Out of an abundance of caution and with a nod to experimentation, China’s Erskine Academy has opted for a hybrid educational model to begin the 2020-21 academic year.

All schools in the state have three different templates for reopening based on a “green, yellow, red system” in accordance with the state’s colored assessment of each county. As of now, all Maine counties are green and schools can open for fully in-person education. However, many area districts including Erskine Academy, Vassalboro and Winslow, are opting for a yellow, hybrid, model.

Erskine Academy Headmaster Michael McQuarrie said in a phone interview Monday the school “was pretty close” to starting green, but wanted to evaluate and put in practice safety measures before going fully in-person.

“We coordinate, share and collaborate with the public school administrators in the area. Of course there is a certain level of coordination with those units because they do send their high school kids here,” McQuarrie said. “In terms of going public with the plan, our program was about a week behind others because of the amount of study we put into our program with the hope and sincere desire of going green.”

Erskine Academy is a private school, but students from the towns of Chelsea, China, Jefferson, Palermo, Somerville, Vassalboro, Whitefield and Windsor get their tuition paid for by the town if they choose to attend the school.

The academy’s student enrollment of 540 consists of all Maine students, about 97% of them are publicly supported students who choose to attend the school.

Heide Hotham, registrar at Erskine Academy, displays a moose toy and a sign Monday as she inputs student information at Erskine Academy in South China. The academy is re-opening on Sept. 8. Rich Abrahamson/Morning Sentinel Buy this Photo

In light of the coronavirus pandemic, the Maine Department of Education and Maine Center for Disease Control released a set of six requirements that all schools must follow: symptom screening before coming to school, physical distancing, masks/face coverings, hand hygiene, personal protective equipment (PPE) and staying home from school when sick.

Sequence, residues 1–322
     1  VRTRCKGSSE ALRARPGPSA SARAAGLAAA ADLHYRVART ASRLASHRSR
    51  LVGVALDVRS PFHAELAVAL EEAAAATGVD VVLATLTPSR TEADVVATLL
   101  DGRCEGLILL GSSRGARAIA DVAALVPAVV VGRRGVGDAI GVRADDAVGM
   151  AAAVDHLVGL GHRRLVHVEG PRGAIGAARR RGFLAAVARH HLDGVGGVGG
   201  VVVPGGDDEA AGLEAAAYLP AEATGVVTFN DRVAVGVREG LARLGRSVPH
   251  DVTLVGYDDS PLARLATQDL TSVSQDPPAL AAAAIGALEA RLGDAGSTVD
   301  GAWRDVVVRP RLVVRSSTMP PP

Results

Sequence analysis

Erskine Academy purchased large tents that double as outdoor classrooms and dining space. The school’s several buildings on campus allow for one-way entrances and exits. The academy offers Chromebooks and hotspots to students who need them, but students also have the option to use their own devices.

“The other consideration is making sure that everybody is proficient and provided the technology to engage in the remote element,” McQuarrie said.

The Erskine Academy plan starts with a three-week hybrid period. Students will be split into cohorts. Last names A-K will be Cohort A, last names L-Z will make up Cohort B. There also is a fully remote option, Cohort C.

Cohort A will attend in-person classes Mondays and Tuesdays. Cohort B will attend in-person classes Thursdays and Fridays. Wednesdays are reserved for fully remote learning and facility sanitation, except during the first week of school.

Freshmen in Cohort A begin school with in-person learning Tuesday, Sept. 8. Freshmen in Cohort B follow with an in-person day Sept. 9. All students in Cohort A are scheduled for in-person learning Sept. 10, Cohort B Sept. 11.

The start date is a week later than usual because the school front-loaded all of the teacher workshops for training in technology and safety protocols for the year before the start of school.

Colt Pierce, with Erskine Academy’s maintenance staff, takes a measurement Monday before casing in water lines at the Home Consumer Economics building for students grades nine through 12 in South China. The work is part of a remodel to allow for better spacing and traffic flow through the room. Rich Abrahamson/Morning Sentinel Buy this Photo

“For us, like others, it was very different this past spring. We became an emergency remote system,” McQuarrie said. “Now we saw this coming, so we’ve got the training in place, the technology in place for our staff, so we’re going to work to perfect the remote piece as much as possible.”

Half of the students are transported on Erskine Academy buses for a $2 per day fee. The other half are transported by their public school systems. McQuarrie said transportation is not anticipated to be an issue.

The school suspended its international degree program before this past school year after graduating four international students in 2019. International students all stayed with host families or at a home purchased by the school, and the program remains suspended for this academic year.

“We declared a moratorium on the program for a couple of years, so we do not have the international students here in the diploma program,” McQuarrie said, “but we do have about four on an exchange program.”

The two in-person, three-day remote learning schedule begins Sept. 14 for two weeks. Erskine Academy officials plan on deciding whether to proceed to a full re-entry, green plan on Sept. 25.

“At that time, we will have collected some data concerning transportation, technology, how it has worked in terms of the space inside the building and certainly we will be getting input from the teachers … based on what their experience has been to date,” McQuarrie said.

“If we feel safety protocols have been followed with fidelity, then I would work with my board of trustees and make a recommendation of going green, or if the data suggests otherwise, we would continue with our remote hybrid.”

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